By week’s end, we should finally know New England Patriots quarterback Tom Brady’s fate on Deflategate.

Brady’s appeal of his four-game suspension is set for Tuesday, marking the hopeful end to the nearly six-month saga. But before the QB’s case is heard, let’s take a look back at how we got here, starting from the top.

Jan. 18, 2015: The Patriots throttle the Indianapolis Colts 45-7 in the AFC Championship Game. In the early hours of the following morning, an Indianapolis columnist named Bob Kravitz reports the NFL is investigating whether the footballs New England used in the win were properly inflated. The controversy quickly is dubbed “Deflategate” and proceeds to consume the two-week lead-up to Super Bowl XLIX.

Jan. 19, 2015: In their first public comments following Kravitz’s report, Brady calls the allegations “ridiculous” and head coach Bill Belichick says the team will “cooperate fully” with the NFL’s investigation.

Jan. 22, 2015: Belichick holds a news conference to address the situation, beginning with an 8 1/2-minute statement in which he denies having any knowledge of the game-day football preparation process. Brady then is bombarded with questions by the national media. The quarterback denies altering New England’s footballs “in any way” and implies that some might be blowing the issue out of proportion.

“This isn’t ISIS,” he says.

Jan. 23, 2015: Patriots owner Robert Kraft releases a statement saying he’s encouraged the team to be “completely cooperative and transparent” with the league’s investigation.

Jan. 24, 2015: Belichick again talks Deflategate, giving reporters in Foxboro a lengthy science lesson in his “Mona Lisa Vito” news conference.

Jan. 25, 2015: Upon arriving in Arizona for Super Bowl week, Kraft torches the NFL and says the Patriots deserve an apology if the league-commissioned investigation “is not able to definitively determine that our organization tampered with the air pressure in the footballs.”

Feb. 1, 2015: The Patriots edge the Seattle Seahawks to win Super Bowl XLIX. Brady takes home Super Bowl MVP honors for the third time in his career.

May 6, 2015: After three months of relative silence on the Deflategate front, the Wells Report finally is released. It concludes it was “more probable than not” that two Patriots team employees, John Jastremski and Jim McNally, deliberately tried to circumvent league rules regarding football deflation, and that Brady was “at least generally aware” of their actions. Both Kraft and Belichick are cleared of any wrongdoing.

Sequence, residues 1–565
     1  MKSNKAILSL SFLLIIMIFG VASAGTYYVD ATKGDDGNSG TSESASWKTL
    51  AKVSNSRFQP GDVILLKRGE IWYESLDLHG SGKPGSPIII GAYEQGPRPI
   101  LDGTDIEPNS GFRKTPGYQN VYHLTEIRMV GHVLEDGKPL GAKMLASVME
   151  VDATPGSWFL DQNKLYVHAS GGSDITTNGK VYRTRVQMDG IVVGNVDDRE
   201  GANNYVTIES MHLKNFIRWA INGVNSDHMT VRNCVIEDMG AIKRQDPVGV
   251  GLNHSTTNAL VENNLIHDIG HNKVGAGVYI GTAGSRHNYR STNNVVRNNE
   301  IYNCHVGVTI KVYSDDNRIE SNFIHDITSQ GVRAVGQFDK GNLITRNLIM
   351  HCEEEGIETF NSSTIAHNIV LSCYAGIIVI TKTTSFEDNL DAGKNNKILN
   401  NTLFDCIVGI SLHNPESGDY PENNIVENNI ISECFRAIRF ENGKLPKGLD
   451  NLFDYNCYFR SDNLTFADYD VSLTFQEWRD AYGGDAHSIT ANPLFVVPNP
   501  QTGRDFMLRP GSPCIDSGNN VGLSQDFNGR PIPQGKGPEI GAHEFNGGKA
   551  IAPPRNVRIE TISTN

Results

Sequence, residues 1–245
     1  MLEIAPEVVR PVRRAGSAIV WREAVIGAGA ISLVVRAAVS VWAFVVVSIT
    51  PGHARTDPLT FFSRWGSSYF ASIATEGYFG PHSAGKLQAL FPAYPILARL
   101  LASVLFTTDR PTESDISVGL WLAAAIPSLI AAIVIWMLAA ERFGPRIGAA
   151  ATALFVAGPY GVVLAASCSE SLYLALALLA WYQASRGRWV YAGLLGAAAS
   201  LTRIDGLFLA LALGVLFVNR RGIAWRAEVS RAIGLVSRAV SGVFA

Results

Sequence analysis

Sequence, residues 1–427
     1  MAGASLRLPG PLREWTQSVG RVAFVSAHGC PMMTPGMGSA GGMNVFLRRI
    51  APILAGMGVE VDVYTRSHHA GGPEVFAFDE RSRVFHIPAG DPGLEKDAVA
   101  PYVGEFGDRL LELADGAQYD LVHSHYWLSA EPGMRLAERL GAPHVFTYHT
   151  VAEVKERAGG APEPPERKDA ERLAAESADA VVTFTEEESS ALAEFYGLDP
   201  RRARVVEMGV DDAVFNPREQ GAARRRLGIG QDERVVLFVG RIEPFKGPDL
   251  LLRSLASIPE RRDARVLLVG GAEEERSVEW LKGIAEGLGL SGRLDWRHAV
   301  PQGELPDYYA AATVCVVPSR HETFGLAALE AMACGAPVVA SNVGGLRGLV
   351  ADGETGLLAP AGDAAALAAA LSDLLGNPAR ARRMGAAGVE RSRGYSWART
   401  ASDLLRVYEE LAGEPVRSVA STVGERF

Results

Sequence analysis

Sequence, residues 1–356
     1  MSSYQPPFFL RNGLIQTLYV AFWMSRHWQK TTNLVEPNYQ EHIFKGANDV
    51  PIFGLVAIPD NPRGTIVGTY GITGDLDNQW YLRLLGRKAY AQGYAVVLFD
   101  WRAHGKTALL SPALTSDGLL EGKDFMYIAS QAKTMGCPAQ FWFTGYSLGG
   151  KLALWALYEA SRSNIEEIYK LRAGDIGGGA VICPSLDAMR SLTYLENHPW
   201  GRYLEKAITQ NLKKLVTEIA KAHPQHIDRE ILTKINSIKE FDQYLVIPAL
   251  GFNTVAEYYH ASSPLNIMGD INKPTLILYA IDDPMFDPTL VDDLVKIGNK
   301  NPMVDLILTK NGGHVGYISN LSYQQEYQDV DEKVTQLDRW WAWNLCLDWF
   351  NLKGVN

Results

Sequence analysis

The more than 200-page report, which Kraft blasts as “incomprehensible,” also reveals Brady refused to share text messages and emails with investigators — an important point moving forward.

May 7, 2015: During a speaking engagement at Salem State University, Brady declines to address the report, saying he “(hasn’t) had much time to digest it fully.”

May 11, 2015: The NFL drops the hammer on the Patriots, suspending Brady four games, docking the team a first- and a fourth-round draft pick and fining the organization $1 million. Kraft again is critical of the league, saying the punishment “far exceeded any reasonable expectation.”

May 14, 2015: Brady and the NFLPA file a joint appeal of the quarterback’s suspension. NFL commissioner Roger Goodell announces he will hear the appeal himself.

The Patriots’ lawyers also release an official rebuttal to the Wells Report in which they attempt to dispute several of the conclusions reached by investigators.

May 19, 2015: Kraft backs down, announcing that the Patriots will “reluctantly” accept the NFL’s punishment. Brady’s appeal remains unaffected by this development.

May 29, 2015: ESPN’s Adam Schefter reports Brady’s appeal will be heard Tuesday, June 23. Belichick speaks with reporters for the first time since the punishment was handed down and declines to address the sanctions. Brady cancels his usual media availability at the Best Buddies Football Challenge.

June 2, 2015: Despite arguments from the NFLPA and Brady’s camp for a neutral arbiter, Goodell confirms he will hear the signal-caller’s appeal.

June 12, 2015: The Patriots sign veteran quarterback Matt Flynn to back up and/or compete with second-stringer Jimmy Garoppolo in Brady’s absence.

June 17, 2015: The American Enterprise Institute, which previously exposed shortcomings in the NFL’s Bountygate investigation, discredits the Wells Report’s science and calls its findings “deeply flawed.” Listen to more on the AEI report here.

Thumbnail photo via Greg M. Cooper/USA TODAY Sports Images